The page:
Mean Dreams Reviews
In this film, Paxton plays Wayne Caraway, a rural Michigan police officer and single dad, who is pretty bad at both roles - and a pretty bad person in general. When local boy Jonas Ford (Josh Wiggins, the star of 2015's "Max") starts seeing Wayne's teenage daughter, Casey (Sophie NÚlisse, who played the title role in 2013's "The Book Thief"), Wayne is pretty... mean about shattering Jonas' dreams of getting closer to Casey. Mostly it's because Jonas isn't shy about trying to protect Casey from Wayne's abuse, and because Wayne doesn't want Jonas nosing around and discovering any of his other... activities.
After Jonas fails to get his father (Joe Cobden) or Wayne's boss (Colm Feore) to intervene on Casey's behalf, he takes matters into his own hands. When he witnesses an example of just how bad a man that Wayne is, Jonas steals some money, grabs Casey and hits the road. Of course, Wayne comes after his daughter - with a (literal) vengeance. As Jonas and Casey struggle to get away from Casey's dad for good, they confront the harsh realities of life on the run (especially as it pertains to two teenagers in the middle of nowhere), break some laws and put their safety and the safety of others at risk along the way.
"Mean Dreams" is a small, but entertaining coming-of-age movie. The two teen protagonists aren't quite Bonnie and Clyde, but their saga is engaging and their love story is affecting. NÚlisse and Wiggins are two rising young stars whose emerging talents shine through in sympathetic roles and Paxton does his usual expert work as one really bad dude. The script (by Kevin Coughlin and Ryan Grassby) and the direction (by Nathan Morlando) keep the action and dialog both unusually grounded and fairly unpredictable, especially for this kind of film. The score and the cinematography (filmed creatively and beautifully in northern Ontario and Sault Ste. Marie) are also very good, especially for a movie made on a small budget. The film is a bit lacking in gravitas, but it's worth a look - to see Paxton in his last major role - and for the overall quality of the film itself. "B+"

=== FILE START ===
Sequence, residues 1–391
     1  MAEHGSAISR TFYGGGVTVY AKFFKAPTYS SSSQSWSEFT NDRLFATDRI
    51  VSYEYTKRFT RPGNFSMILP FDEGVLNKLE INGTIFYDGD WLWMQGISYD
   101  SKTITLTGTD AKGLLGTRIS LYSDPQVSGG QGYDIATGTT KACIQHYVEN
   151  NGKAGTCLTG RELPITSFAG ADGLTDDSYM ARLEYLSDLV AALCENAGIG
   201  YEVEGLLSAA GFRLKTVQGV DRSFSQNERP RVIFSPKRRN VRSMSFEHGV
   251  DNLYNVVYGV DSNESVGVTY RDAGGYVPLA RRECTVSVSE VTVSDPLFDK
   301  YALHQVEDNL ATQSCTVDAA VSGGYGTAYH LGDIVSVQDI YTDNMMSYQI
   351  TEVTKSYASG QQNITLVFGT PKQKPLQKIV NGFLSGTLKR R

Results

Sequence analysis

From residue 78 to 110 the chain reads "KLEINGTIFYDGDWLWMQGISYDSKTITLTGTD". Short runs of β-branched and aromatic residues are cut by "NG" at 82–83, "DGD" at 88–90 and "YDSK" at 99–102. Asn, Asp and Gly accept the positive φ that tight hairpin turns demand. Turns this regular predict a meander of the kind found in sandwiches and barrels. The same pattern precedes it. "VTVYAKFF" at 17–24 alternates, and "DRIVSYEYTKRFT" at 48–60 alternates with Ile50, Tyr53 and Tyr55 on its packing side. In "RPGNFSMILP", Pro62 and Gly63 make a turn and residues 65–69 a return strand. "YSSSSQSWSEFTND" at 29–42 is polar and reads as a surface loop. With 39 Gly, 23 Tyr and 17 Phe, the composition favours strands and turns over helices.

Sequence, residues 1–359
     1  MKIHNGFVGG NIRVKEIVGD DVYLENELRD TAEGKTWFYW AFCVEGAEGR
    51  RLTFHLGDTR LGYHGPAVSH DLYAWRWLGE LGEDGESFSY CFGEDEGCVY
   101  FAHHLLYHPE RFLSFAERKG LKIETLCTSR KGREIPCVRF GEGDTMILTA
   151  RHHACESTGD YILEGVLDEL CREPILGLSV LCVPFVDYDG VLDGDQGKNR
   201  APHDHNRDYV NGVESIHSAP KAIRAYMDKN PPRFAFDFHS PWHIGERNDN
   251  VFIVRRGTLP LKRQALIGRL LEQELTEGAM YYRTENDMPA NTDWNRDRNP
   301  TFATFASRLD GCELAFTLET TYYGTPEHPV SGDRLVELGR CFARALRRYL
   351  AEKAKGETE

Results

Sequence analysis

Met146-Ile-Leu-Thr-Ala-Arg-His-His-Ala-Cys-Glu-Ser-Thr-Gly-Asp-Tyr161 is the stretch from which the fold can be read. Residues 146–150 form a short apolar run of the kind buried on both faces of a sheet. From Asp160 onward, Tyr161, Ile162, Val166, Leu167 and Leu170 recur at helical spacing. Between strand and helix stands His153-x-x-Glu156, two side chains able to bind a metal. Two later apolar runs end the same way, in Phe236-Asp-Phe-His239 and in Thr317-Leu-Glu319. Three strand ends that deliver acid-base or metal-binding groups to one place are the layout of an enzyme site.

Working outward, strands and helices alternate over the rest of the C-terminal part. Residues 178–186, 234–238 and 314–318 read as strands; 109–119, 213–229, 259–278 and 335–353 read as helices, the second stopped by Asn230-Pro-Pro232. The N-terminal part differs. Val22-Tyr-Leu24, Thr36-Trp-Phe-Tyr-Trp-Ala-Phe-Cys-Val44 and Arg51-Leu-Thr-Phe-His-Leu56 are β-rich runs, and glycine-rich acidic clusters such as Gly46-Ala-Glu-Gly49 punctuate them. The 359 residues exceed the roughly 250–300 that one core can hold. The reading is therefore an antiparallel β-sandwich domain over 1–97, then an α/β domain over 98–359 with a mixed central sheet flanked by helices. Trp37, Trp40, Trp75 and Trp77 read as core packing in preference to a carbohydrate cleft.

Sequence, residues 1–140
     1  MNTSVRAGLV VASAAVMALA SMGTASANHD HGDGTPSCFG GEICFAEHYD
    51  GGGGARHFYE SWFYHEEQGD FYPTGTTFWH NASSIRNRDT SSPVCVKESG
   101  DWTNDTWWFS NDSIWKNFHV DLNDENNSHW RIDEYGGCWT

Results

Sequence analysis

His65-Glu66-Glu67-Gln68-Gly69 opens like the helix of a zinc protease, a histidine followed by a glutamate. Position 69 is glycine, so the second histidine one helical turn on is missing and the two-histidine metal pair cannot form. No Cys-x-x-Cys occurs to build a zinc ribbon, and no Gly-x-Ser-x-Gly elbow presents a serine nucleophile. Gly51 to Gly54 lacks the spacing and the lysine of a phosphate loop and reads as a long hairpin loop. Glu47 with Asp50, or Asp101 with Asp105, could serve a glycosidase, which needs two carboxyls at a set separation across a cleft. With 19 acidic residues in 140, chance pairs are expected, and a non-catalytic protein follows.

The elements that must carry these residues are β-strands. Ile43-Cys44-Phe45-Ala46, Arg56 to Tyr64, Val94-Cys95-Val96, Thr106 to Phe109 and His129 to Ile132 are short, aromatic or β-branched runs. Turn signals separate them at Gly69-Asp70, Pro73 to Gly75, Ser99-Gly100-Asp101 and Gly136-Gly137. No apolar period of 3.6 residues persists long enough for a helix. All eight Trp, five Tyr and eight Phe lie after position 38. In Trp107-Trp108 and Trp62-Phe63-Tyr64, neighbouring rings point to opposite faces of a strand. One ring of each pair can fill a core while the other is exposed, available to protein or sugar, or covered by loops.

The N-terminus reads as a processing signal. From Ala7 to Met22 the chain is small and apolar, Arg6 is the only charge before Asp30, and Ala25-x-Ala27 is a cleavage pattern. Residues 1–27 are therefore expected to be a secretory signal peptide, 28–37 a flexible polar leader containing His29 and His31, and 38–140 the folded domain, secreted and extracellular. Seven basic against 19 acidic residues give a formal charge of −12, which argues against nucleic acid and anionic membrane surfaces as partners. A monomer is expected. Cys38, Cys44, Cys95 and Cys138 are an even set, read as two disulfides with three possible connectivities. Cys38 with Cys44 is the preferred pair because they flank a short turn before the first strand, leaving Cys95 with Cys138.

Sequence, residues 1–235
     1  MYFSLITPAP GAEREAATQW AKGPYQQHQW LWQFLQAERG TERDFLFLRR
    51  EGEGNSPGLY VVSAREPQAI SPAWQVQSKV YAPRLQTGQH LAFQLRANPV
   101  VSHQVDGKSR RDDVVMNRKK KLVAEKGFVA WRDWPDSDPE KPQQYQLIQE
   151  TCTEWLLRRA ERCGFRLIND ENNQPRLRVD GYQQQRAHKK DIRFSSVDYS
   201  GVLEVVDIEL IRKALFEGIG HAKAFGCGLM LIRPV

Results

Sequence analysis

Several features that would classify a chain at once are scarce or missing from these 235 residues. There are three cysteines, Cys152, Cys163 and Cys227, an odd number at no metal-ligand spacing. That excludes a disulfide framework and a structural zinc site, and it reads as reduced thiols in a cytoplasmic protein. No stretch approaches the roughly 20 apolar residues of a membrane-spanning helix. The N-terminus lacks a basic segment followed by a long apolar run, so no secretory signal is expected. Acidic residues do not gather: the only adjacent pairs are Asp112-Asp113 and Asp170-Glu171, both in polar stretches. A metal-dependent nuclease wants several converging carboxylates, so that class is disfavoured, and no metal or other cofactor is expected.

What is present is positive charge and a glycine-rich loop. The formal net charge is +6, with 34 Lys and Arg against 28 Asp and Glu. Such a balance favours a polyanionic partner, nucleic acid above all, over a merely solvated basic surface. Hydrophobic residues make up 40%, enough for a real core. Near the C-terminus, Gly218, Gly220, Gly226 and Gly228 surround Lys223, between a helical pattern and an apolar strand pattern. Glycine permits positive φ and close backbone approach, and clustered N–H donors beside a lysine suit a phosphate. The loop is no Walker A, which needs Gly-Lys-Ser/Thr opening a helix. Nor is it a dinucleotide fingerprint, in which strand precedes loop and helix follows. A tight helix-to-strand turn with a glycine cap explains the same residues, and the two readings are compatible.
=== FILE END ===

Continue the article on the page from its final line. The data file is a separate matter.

As victims, we get two sweet teenagers stumbling through a crush, saddled with life in a a bleak farming community, who, due to unfortunate circumstance, become fugitives on the lam. It's meat and potatoes cinema: good vs. bad, with little chance of anything going right. Afterall, the cops are the bad guys: whatcha gonna do?
"Mean Dreams" captures vast landscape loneliness, no future hopelessness, tense survival conflict, with fumbling teenagers groping for their footing in life. It's a tense, gripping thrill ride that offers no easy answers, and very muddy avenues. A great down and dirty movie, in the literal sense.